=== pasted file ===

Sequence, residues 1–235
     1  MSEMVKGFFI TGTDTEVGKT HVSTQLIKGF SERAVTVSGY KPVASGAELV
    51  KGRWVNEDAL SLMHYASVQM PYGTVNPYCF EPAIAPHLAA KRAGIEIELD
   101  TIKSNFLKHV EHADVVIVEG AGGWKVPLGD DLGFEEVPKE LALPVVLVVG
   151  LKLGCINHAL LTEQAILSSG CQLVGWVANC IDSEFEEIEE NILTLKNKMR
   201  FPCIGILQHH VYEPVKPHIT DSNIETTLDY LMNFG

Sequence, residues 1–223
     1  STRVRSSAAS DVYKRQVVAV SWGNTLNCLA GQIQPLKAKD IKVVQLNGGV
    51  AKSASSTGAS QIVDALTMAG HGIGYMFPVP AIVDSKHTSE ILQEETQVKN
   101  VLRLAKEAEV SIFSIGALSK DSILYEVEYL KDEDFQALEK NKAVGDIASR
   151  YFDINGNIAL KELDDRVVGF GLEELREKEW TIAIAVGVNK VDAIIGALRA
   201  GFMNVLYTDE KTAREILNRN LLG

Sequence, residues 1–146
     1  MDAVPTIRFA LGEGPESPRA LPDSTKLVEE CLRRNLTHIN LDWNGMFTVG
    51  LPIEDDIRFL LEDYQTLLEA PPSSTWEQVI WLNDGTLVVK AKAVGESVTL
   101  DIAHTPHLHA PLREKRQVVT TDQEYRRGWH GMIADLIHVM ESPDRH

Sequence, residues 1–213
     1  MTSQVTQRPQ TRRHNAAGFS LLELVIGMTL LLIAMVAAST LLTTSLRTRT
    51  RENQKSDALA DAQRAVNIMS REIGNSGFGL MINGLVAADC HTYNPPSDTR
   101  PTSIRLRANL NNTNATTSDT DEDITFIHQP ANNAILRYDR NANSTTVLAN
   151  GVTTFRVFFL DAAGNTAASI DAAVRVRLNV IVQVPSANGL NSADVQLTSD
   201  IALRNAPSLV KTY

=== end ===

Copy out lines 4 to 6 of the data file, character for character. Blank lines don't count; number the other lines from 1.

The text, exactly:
   101  TIKSNFLKHV EHADVVIVEG AGGWKVPLGD DLGFEEVPKE LALPVVLVVG
   151  LKLGCINHAL LTEQAILSSG CQLVGWVANC IDSEFEEIEE NILTLKNKMR
   201  FPCIGILQHH VYEPVKPHIT DSNIETTLDY LMNFG